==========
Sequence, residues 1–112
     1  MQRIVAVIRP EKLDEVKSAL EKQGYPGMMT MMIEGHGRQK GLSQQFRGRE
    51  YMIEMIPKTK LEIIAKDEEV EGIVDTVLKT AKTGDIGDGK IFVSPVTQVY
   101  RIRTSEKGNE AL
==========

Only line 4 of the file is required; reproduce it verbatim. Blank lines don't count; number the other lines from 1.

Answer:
   101  RIRTSEKGNE AL